“If You Haven’t Been to Bến Thành Market, You Haven’t Been to Vietnam”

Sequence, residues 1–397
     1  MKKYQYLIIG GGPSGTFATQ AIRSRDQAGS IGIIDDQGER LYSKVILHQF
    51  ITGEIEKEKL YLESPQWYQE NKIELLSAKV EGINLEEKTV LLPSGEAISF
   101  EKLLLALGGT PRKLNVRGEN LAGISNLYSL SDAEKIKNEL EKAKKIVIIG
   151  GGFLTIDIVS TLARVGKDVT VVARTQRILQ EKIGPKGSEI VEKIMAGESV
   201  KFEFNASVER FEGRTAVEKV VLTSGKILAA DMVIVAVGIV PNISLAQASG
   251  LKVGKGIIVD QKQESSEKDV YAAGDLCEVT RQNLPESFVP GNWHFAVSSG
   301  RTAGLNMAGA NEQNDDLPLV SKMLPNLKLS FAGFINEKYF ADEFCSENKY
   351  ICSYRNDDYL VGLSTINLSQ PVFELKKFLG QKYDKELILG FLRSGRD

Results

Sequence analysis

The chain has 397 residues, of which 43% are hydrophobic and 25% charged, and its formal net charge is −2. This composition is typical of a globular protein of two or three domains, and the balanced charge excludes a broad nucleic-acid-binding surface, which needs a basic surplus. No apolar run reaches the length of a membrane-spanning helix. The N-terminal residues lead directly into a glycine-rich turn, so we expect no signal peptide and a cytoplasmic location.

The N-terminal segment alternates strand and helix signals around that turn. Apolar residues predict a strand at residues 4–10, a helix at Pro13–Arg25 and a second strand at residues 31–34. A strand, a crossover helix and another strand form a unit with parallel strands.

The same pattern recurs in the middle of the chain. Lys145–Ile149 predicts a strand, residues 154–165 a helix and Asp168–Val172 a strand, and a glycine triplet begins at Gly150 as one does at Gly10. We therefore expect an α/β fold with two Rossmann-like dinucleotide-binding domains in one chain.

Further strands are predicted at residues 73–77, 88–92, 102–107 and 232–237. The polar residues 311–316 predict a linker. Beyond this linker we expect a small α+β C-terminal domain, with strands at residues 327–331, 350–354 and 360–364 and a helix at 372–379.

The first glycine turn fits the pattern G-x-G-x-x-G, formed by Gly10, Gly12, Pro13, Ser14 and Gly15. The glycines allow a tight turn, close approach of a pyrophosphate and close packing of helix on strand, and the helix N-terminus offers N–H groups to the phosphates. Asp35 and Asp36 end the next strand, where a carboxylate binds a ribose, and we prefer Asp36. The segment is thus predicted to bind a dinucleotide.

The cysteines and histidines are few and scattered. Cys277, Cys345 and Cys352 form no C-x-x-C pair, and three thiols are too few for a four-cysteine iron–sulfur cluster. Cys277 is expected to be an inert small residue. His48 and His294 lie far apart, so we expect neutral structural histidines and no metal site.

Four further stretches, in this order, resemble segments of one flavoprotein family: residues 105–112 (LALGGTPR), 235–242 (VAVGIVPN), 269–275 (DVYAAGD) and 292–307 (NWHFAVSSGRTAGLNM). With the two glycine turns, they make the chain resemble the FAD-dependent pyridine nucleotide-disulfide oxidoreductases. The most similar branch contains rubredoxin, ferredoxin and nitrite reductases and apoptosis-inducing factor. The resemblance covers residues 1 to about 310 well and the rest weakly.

In the mid-1990s, city planners considered proposals for an international trade center to be constructed on the site of Bến Thành market. These plans were suspended in the wake of the 1997 Asian financial crisis. By 2012, traders seemed more prosperous and secure in their middle-class status. Discussions of redevelopment continued, but they now praised the feminine allure of Bến Thành sellers who charmed tourists and generated enviable profits. These characterizations rested on essentialism about Vietnamese femininity, but instead of tradition, they highlighted a sophisticated, sexualized, and youthful Vietnamese femininity demanded by the spectacular political economy of appearances of the 2010s. It was also an economically foreboding femininity, for these new market women tended to be salaried clerks employed by men capitalizing on a highly speculative real estate market that threatened to price the more “traditional” female traders out of the chợ that had long seemed their natural home.
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